How the US Olympic Committee and Athletes Are Prioritizing Mental Health Following the Summer Games

Photo: Getty/imagedepotpro
When Olympic gymnast Simone Biles withdrew from the women's gymnastics team competition finals during the 2021 Tokyo Olympics, she set a new gold standard for the games.  "I have to focus on my mental health and not jeopardize my health and well-being," said Biles, a survivor of sexual abuse by Larry Nassar, the former doctor for USA Gymnastics. "It just sucks when you are fighting with your own head," she added. With those words, Biles not only changed the face of the gymnasts, she ensured that an athlete's mental health would never be placed on the back burner again. The 2022 Winter Games start in T-1 day, and even though Biles, Naomi Osaka, and other Games-changing figures won't be present, the Olympic committee has put new measures in place to ensure that athletes are physically and mentally fit.

Experts In This Article

Leading up to the competition, the International Olympic Committee (IOC) has taken a couple of major steps to make sure athletes feel psychologically supported in the Olympic Village. First, with the launch of Athlete365, a publicly-available online toolkit for Olympians centered around mental well-being that includes expert advice, stories from athletes, and a 24/7 mental health line. This is a truly valuable resource when you consider that an estimated 35 percent of athletes undergo mental health crises that may lead to anxiety, disordered eating, burnout, or depression. The IOC has also stated that psychologists and psychiatrists will be onsite at the Olympic Village to come to athletes' aid. "Each National Governing Body's sports psychologist will be on the ground in Beijing, moving between the different villages but available for all athletes," says Women's Alpine Head Physical Therapist, Torey Anderson, PT, DPT. She adds that Olympians will also have access to other "emergency mental health resources," free memberships to meditation app Headspace, and a mental health hotline.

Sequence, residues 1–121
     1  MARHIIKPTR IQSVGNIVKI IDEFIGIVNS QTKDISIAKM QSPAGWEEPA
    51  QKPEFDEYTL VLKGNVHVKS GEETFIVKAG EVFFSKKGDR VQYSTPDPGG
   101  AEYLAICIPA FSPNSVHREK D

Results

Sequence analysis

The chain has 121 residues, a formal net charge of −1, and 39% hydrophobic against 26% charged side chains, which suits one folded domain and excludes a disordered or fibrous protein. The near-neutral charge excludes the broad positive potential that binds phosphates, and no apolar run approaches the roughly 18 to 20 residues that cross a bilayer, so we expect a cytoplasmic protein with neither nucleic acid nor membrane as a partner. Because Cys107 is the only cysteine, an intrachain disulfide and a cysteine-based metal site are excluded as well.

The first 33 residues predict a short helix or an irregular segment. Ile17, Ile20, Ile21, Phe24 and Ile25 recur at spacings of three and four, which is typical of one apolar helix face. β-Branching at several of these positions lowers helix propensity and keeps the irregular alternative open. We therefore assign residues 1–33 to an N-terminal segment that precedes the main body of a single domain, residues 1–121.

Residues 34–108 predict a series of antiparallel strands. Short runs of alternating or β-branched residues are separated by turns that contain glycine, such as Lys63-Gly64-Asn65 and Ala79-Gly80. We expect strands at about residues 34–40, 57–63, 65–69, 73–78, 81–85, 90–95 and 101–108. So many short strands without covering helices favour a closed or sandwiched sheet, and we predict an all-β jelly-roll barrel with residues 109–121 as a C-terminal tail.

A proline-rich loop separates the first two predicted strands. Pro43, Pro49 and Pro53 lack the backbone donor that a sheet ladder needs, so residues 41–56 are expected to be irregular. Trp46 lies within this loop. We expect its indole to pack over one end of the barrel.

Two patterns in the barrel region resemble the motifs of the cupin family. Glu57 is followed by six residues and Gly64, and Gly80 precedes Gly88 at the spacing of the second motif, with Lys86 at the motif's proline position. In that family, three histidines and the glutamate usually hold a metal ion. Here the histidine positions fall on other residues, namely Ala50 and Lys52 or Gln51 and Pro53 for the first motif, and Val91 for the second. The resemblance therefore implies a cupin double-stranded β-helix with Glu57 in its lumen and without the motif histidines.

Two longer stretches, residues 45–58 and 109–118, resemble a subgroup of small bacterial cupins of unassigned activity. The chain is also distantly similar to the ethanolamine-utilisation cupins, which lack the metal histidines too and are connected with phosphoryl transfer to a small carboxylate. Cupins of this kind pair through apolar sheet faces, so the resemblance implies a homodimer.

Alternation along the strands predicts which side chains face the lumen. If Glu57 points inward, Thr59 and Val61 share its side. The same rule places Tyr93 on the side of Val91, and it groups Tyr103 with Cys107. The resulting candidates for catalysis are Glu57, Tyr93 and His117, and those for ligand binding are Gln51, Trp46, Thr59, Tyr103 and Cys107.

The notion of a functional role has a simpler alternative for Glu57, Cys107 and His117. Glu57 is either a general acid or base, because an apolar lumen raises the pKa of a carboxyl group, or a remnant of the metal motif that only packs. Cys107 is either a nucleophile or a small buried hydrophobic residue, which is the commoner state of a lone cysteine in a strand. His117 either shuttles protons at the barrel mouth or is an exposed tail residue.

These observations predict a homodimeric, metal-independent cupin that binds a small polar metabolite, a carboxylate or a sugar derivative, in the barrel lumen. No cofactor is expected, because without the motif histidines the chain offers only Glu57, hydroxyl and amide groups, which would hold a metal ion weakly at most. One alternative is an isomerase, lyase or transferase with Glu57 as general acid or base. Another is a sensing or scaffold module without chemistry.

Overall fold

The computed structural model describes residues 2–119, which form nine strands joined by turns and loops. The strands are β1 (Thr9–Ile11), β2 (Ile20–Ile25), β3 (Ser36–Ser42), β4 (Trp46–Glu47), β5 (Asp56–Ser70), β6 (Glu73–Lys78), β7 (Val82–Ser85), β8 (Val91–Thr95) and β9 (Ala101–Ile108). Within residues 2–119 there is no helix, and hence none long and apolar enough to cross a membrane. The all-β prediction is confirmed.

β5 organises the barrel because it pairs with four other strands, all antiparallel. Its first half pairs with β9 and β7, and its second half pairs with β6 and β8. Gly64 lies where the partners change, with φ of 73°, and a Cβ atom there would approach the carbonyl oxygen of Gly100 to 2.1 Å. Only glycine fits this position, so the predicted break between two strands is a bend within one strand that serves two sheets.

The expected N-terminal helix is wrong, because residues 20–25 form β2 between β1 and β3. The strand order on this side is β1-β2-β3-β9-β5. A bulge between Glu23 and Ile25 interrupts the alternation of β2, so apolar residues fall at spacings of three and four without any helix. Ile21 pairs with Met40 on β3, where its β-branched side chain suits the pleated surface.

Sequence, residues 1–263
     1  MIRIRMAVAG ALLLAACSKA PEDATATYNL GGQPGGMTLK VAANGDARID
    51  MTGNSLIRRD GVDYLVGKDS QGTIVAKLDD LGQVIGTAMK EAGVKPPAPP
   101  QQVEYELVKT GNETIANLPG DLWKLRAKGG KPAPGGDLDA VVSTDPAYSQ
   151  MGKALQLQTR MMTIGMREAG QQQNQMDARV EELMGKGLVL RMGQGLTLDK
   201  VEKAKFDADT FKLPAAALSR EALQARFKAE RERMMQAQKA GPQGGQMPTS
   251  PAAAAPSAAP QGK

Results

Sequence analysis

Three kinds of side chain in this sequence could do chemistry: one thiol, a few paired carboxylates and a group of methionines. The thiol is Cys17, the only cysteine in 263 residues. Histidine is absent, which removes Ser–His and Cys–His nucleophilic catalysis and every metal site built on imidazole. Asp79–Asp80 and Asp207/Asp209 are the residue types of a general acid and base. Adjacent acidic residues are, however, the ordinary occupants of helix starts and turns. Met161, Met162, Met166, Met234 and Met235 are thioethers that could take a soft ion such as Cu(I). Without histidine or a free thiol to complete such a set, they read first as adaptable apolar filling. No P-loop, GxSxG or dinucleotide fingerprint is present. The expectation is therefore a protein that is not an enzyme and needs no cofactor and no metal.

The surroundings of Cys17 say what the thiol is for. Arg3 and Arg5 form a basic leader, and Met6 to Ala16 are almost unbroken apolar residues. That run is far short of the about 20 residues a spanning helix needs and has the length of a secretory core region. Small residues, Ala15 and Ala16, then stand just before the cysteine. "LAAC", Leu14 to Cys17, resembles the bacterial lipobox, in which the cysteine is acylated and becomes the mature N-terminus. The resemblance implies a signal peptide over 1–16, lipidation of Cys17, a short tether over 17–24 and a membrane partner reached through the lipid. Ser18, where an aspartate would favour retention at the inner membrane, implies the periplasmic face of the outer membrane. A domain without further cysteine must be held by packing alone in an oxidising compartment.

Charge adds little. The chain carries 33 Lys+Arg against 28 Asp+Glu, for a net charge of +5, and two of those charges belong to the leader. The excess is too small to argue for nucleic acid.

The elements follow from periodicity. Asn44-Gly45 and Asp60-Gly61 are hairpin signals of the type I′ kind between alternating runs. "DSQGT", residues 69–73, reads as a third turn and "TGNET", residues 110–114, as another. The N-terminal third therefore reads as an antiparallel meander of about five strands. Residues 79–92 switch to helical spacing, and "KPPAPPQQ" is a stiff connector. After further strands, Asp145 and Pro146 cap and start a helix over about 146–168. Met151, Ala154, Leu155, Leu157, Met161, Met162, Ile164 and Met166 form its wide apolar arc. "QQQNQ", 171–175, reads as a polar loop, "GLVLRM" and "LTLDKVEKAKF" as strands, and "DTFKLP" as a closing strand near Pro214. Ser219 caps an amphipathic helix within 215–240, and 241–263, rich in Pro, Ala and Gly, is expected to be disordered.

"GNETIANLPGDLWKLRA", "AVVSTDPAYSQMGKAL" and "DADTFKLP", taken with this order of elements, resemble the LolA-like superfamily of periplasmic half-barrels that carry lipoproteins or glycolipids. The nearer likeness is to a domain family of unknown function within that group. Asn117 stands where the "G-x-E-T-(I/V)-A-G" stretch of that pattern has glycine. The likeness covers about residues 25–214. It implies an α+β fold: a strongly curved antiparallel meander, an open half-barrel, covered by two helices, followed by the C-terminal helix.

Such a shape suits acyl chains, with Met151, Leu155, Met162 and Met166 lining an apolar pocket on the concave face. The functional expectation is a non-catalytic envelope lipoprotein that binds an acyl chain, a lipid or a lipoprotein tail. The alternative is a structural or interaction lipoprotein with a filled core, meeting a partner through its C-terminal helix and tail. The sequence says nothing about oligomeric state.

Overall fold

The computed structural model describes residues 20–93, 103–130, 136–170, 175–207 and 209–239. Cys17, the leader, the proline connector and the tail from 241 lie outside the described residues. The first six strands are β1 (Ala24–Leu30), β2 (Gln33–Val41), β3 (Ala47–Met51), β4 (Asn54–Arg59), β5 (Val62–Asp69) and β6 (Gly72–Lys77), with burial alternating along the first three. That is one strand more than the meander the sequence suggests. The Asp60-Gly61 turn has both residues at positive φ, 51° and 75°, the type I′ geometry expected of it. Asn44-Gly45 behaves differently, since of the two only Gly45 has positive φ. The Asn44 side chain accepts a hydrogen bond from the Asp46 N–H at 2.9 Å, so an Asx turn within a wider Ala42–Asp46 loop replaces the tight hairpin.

USA Olympic skier Bella Wright says that after dealing with a broken Talus bone in December and recovering just in the nick of time to compete, she's feeling "all the things" as she gears up for Beijing. "COVID-19 has definitely added a lot of stress to our competitions and especially big events like the Olympics. We are all in our own bubbles and trying to stay as healthy as possible to be able to compete at the highest level," she says.

Although Wright hadn't arrived at the Olympic Village at the time we spoke, she says that—thus far—she does feel like the IOC and Team USA is taking strides to protect all the athlete's mental well-being. "I feel like everyone has been very attentive to the athletes' mental health, and been providing a lot of recourses for anyone who would like to take advantage of those. We have had a lot of different emails, Zoom calls, and presentations on how to access these mental health recourses," she says. Jason Brown, an Olympic figure skate for Team USA, agrees that mental health seems to be a high priority for the Games this year. "The US Figure Skating [team] also has a team psychologist coming to Beijing," he says.

Brown, who took home a bronze medal following the 2014 Winter Olympics in Sochi, knows firsthand that these mental health resources can make a huge difference—particularly when you're competing at an international level. "I just want to reemphasize the importance of mental health at the Games. During the Olympics there are so many emotions to process, so much energy thrown at you, expectations from others and yourself, and love sent to you in the most amazing way from all over the world," he says. "It’s so important to have ways to bring yourself back down to earth."

Only time will tell if athletes' mental health truly takes center stage—not just at the Olympic games, but at the high school, college, and professional level as well. As with many issues facing sports today, the solutions have to meet the problems where they exist—at a systemic level. And while mental health resources aren't a holistic solution, they are a start. For now, both Wright and Brown intend to make the most of the competition ahead of them. "I believe everyone who is going to the Games is ready to just experience a lifelong childhood dream, and I just feel really grateful to have the opportunity to be able to compete regardless of all the challenges," says Wright.

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